Chloe-Jasmine Whicello impressed the judges and the audience at Wembley Arena with a sultry performance
TVReview: Who'd have known Simon was such a Roger Rabbit fan?
News
Rumer was diagnosed with bipolarity, attention deficit hyperactivity disorder and post-traumatic stress disorder: 'I was convinced it was a misdiagnosis'
peopleHer debut album caused her post-traumatic stress - how will she cope as she releases her third record?
Arts and Entertainment
Nick Frost will star in the Doctor Who 2014 Christmas special

TV
Arts and Entertainment
Friends is celebrating its 20th anniversary this year
TV
Arts and Entertainment
A spell in the sun: Emma Stone and Colin Firth star in ‘Magic in the Moonlight’
filmReview: Magic In The Moonlight
PROMOTED VIDEO
Have you tried new the Independent Digital Edition apps?
Arts and Entertainment
Maisie Williams plays 'bad ass' Arya Stark in Game of Thrones

TV
Arts and Entertainment
Liam Neeson said he wouldn't

TV
Arts and Entertainment

TV
Arts and Entertainment
Meera Syal was a member of the team that created Goodness Gracious Me

TV
Arts and Entertainment
The former Doctor Who actor is to play a vicar is search of a wife

film
Arts and Entertainment

music
Arts and Entertainment
Pointless host Alexander Armstrong will voice Danger Mouse on CBBC

TV
Arts and Entertainment
Pharrell dismissed the controversy surrounding

music
Arts and Entertainment
Jack Huston is the new Ben-Hur

film
Arts and Entertainment

TV
Arts and Entertainment
Cara Delevingne modelling

film
Arts and Entertainment
Emma Thompson and Bryn Terfel are bringing Sweeney Todd: The Demon Barber of Fleet Street to the London Coliseum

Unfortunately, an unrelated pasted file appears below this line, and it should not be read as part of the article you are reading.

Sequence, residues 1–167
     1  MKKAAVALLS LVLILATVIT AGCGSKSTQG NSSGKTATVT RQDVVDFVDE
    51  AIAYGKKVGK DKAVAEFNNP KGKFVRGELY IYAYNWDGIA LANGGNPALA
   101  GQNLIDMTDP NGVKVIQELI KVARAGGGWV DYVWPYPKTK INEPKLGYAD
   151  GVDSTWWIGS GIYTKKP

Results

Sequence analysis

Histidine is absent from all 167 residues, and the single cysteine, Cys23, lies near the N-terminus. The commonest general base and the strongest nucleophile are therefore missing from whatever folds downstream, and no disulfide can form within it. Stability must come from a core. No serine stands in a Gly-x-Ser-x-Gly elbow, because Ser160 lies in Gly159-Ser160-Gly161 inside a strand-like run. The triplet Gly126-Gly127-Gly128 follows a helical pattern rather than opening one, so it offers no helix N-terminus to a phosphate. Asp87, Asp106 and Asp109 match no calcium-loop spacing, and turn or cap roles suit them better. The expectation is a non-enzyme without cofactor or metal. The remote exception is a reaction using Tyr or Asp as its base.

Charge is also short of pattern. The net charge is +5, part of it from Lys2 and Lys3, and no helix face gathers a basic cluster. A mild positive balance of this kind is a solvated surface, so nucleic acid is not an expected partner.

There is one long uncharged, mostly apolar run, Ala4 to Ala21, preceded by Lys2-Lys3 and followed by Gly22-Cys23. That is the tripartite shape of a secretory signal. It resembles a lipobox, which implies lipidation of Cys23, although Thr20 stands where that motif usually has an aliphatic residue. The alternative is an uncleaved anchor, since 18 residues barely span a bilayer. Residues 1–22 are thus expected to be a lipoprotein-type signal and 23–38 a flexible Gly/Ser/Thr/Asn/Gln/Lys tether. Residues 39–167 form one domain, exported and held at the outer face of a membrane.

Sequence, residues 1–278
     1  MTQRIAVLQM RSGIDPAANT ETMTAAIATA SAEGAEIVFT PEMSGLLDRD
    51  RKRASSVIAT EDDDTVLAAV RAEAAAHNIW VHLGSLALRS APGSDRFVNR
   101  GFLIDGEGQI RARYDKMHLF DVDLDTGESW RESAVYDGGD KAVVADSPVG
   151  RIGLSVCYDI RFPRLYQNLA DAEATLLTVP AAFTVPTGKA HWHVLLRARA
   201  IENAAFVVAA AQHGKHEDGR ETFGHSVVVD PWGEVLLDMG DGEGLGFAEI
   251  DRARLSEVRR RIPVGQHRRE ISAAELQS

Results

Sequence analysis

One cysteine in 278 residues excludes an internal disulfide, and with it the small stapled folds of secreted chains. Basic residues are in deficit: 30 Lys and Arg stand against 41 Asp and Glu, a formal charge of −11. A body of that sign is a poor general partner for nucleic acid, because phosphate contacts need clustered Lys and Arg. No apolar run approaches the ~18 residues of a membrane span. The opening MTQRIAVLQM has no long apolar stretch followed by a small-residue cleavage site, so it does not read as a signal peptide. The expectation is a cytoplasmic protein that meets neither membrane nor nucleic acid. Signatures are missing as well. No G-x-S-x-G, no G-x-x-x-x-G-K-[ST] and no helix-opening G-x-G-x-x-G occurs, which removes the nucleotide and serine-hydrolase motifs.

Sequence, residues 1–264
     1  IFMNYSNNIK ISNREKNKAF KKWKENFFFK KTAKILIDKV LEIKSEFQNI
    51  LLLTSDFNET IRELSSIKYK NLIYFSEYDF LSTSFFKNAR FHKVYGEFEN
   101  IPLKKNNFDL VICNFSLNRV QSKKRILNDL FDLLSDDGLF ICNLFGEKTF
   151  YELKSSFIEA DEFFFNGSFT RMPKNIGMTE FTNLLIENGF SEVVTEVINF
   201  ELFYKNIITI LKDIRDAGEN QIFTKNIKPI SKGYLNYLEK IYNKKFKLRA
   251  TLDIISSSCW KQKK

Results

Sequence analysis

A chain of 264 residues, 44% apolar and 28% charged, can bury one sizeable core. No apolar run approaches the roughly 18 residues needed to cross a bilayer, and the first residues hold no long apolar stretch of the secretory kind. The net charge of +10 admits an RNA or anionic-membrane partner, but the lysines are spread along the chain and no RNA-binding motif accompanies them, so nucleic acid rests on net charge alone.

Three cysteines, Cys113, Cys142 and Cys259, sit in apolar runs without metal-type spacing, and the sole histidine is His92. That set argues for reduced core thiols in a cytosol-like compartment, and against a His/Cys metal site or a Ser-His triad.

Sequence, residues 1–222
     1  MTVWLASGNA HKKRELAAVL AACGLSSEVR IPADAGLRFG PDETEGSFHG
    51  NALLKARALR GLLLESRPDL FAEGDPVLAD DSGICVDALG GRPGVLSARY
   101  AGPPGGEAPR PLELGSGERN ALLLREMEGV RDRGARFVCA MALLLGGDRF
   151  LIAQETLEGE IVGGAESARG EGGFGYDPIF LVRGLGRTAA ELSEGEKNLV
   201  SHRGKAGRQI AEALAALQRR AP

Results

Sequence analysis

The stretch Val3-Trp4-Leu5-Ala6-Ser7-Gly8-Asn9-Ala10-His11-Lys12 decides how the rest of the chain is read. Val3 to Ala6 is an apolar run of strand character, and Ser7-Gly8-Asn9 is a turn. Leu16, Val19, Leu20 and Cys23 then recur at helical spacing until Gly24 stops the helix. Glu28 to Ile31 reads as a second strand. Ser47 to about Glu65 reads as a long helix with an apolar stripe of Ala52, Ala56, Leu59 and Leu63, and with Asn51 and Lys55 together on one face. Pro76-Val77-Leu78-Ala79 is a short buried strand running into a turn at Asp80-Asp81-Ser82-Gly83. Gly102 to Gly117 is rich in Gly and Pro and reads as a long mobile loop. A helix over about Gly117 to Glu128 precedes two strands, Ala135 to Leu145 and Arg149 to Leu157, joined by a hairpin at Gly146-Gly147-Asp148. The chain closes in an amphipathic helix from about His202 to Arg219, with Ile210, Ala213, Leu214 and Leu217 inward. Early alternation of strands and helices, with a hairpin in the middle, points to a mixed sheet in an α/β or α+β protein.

theatre
Arts and Entertainment
Sheridan Smith as Cilla Black

TV
Arts and Entertainment
Robin Thicke's video for 'Blurred Lines' has been criticised for condoning rape

Robin Thicke admits he didn't write 'Blurred Lines'

music
Arts and Entertainment
While many films were released, few managed to match the success of James Bond blockbuster 'Skyfall'

film
Arts and Entertainment
Matt Damon as Jason Bourne in The Bourne Ultimatum (2007)

film
Arts and Entertainment
Sheridan Smith as Cilla Black

Review: Cilla, ITV TV
Arts and Entertainment

TV
Arts and Entertainment
Tom Hardy stars with Cillian Murphy in Peaky Blinders II

TV
Have you tried new the Independent Digital Edition apps?

ES Rentals

    Independent Dating
    and  

    By clicking 'Search' you
    are agreeing to our
    Terms of Use.

    Scottish referendum: The Yes vote was the love that dared speak its name, but it was not to be

    Despite the result, this is the end of the status quo

    Boyd Tonkin on the fall-out from the Scottish referendum
    Manolo Blahnik: The high priest of heels talks flats, Englishness, and why he loves Mary Beard

    Manolo Blahnik: Flats, Englishness, and Mary Beard

    The shoe designer who has been dubbed 'the patron saint of the stiletto'